<ns2:firstName>Kenny</ns2:firstName>
                <ns2:lastName>Bastani</ns2:lastName>
                <ns2:email>kenny.bastani@example.com</ns2:email>
            </ns2:customer>
        </ns2:getCustomerResponse>
    </SOAP-ENV:Body>
</SOAP-ENV:Envelope>

You should see something similar to the response above. The Customer Service has no awareness of the new Profile Service and will only return back a response from the large database that it shares with other legacy applications.

Conclusion

Now that we’ve explored the reference application, there are a few extra things to be mindful of as you tackle the challenges that come with implementing this hybrid microservice approach. One concern is that the legacy system will still need to be able to mirror any updates to domain data from new microservices. To do this, we used a RabbitMQ message broker that can durably store ordered messages and asynchronously apply updates back to the legacy system. This method will be eventually consistent, which requires additional scrutiny when it comes to handling state.

Be mindful of state

Some domain objects will come from the legacy system that will contain stateful properties. It’s much safer to migrate domain data that is stateless—but in reality, that’s an uncommon occurrence. Any field of an object that represents state will have a dependency on business logic. That’s an important consideration with this approach, so be mindful of the following.

  • Never deploy a new feature without ensuring backward compatibility with the legacy system

  • Identify fields sourced from the legacy system that represents state

  • Never store state as fields in microservices—store state as events

Be mindful of consistency

To be successful with this method and make the minimum amount of changes to the legacy system, you’ll need to replicate updates to domain data durably back to the legacy system. With microservices we need to embrace eventual consistency, so be mindful of the following.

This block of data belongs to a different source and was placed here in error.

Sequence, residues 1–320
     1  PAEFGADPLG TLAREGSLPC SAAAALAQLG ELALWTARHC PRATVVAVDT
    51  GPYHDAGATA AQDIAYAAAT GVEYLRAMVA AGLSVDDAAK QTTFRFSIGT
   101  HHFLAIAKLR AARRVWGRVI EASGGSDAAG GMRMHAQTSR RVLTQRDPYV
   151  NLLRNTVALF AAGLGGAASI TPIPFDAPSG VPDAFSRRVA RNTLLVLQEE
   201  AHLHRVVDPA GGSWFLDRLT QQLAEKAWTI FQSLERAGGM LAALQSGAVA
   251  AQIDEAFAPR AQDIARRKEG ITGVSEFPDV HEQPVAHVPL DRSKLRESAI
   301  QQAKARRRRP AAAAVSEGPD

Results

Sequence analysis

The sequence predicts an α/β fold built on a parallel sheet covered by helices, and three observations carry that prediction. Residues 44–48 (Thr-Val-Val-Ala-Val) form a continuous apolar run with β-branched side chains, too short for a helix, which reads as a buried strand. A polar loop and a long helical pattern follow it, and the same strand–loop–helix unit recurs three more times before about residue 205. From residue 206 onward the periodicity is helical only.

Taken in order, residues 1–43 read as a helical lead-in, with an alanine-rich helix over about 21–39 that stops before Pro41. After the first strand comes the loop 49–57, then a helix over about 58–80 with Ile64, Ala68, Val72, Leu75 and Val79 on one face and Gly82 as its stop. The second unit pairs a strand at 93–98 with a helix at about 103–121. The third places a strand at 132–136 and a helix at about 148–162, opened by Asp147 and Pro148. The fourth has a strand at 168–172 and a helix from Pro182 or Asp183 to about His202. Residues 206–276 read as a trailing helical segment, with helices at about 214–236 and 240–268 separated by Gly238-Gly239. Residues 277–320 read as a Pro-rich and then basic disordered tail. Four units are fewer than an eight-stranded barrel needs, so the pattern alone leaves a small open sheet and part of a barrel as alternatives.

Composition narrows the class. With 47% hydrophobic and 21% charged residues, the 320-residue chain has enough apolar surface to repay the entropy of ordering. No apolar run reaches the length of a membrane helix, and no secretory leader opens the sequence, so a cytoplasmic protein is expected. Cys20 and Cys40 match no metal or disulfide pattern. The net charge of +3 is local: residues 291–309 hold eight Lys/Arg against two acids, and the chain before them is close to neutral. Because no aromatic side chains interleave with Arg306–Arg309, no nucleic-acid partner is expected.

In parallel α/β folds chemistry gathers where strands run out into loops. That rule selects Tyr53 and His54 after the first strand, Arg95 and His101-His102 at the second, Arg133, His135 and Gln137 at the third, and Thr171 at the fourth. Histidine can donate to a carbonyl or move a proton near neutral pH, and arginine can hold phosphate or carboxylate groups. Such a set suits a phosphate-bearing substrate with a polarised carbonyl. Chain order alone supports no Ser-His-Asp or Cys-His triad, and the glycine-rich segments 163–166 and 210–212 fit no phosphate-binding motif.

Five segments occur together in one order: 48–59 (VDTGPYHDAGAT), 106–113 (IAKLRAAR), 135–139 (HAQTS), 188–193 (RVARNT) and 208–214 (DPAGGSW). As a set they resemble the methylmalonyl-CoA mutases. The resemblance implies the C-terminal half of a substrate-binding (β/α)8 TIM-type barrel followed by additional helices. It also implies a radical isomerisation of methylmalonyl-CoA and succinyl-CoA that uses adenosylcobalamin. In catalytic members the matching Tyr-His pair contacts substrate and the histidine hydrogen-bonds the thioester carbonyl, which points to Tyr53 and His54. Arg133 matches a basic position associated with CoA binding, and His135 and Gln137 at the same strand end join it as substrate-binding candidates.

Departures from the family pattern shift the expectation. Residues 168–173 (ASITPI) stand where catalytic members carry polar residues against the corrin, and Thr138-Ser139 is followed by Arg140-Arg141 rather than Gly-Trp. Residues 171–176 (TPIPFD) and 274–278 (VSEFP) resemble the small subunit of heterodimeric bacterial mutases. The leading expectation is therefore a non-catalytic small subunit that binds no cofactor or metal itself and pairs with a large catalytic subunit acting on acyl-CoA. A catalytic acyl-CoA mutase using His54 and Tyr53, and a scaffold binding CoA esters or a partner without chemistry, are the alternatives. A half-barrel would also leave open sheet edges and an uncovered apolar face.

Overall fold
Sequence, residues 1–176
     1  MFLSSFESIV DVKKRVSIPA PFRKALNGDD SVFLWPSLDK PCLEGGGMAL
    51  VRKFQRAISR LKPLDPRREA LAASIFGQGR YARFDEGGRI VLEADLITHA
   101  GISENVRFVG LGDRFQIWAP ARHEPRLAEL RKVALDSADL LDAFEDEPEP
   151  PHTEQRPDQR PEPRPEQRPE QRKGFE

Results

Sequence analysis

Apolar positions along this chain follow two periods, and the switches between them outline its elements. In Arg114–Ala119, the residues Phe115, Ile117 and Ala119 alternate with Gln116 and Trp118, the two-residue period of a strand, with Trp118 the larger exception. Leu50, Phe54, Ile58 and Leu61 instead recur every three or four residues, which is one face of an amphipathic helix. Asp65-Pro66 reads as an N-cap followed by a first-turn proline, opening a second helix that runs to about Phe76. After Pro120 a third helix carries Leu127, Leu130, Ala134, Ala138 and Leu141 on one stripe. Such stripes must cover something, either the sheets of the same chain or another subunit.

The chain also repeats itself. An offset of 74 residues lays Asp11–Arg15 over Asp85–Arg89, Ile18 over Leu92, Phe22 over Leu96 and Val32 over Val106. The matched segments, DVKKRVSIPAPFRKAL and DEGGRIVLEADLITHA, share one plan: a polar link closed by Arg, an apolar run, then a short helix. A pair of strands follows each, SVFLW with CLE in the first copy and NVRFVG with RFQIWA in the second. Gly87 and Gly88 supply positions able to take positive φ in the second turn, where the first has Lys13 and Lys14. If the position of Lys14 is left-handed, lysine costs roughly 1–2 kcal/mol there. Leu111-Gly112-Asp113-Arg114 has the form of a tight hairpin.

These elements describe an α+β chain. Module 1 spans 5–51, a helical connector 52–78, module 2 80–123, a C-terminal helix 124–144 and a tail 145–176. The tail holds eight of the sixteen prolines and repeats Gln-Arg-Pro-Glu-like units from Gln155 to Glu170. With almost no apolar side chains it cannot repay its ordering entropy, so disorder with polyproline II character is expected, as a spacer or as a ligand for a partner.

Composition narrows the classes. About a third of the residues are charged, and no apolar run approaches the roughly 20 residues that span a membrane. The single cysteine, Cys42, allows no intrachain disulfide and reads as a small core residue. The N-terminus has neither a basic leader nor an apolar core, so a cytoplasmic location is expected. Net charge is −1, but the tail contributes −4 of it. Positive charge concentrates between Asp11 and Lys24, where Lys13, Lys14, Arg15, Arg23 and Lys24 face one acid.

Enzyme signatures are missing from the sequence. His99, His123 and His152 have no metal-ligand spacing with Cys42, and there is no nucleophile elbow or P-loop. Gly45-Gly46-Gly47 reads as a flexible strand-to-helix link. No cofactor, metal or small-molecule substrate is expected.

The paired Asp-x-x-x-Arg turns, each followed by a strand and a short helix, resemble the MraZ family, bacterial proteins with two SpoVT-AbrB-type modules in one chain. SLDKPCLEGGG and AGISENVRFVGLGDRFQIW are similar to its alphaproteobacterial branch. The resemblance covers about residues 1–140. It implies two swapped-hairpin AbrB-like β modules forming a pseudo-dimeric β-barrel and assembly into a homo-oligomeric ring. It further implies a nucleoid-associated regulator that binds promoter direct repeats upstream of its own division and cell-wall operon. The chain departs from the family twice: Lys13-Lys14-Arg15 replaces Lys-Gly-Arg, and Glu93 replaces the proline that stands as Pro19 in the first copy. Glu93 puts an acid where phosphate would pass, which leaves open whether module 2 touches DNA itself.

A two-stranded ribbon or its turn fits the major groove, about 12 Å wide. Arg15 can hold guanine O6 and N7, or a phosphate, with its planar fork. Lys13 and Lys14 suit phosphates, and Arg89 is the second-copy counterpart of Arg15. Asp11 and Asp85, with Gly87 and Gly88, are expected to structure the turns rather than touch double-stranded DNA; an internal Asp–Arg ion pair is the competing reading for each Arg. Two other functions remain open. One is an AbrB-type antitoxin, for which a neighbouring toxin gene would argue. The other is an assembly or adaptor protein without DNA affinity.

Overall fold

• Respect foreign key relationships in a monolith’s database

  • Work to decouple table constraints that block updates through a legacy web service

  • Move all legacy field validators (including database constraints) into your microservices

  • Make sure updates sent to a legacy service from a microservice are always able to succeed eventually

Be mindful of observability

You can’t fix what you can’t measure. From the first day you’re in production, you should have maximal visibility into how your microservices are handling data capture from the legacy system. To increase observability, keep the following considerations in mind.

  • Monitor for failures during an attempt to update the legacy system from a microservice

  • Be quick to analyze and remediate failures that are blocking a microservice from replicating updates to the legacy system

Be mindful of resiliency

Always account for the inevitable failures that will come with the first few iterations of integrating your new microservice with the legacy system. Use circuit breakers in Spring Cloud Netflix to create fallback plans that temporarily escalate the privilege of your microservice to be able to interact safely with a legacy data source in the event of repeated failure.

  • Make sure to provide mechanisms to override unknown constraints that block updates to the legacy system

  • Build in escalated fallback measures in the case that a microservice repeatedly fails to update a legacy data source

  • Make sure to performance test connecting to a shared database from your microservice in any fallback scenario

  • Spare no effort to prevent data loss by persisting any changes scheduled for the legacy system into durable storage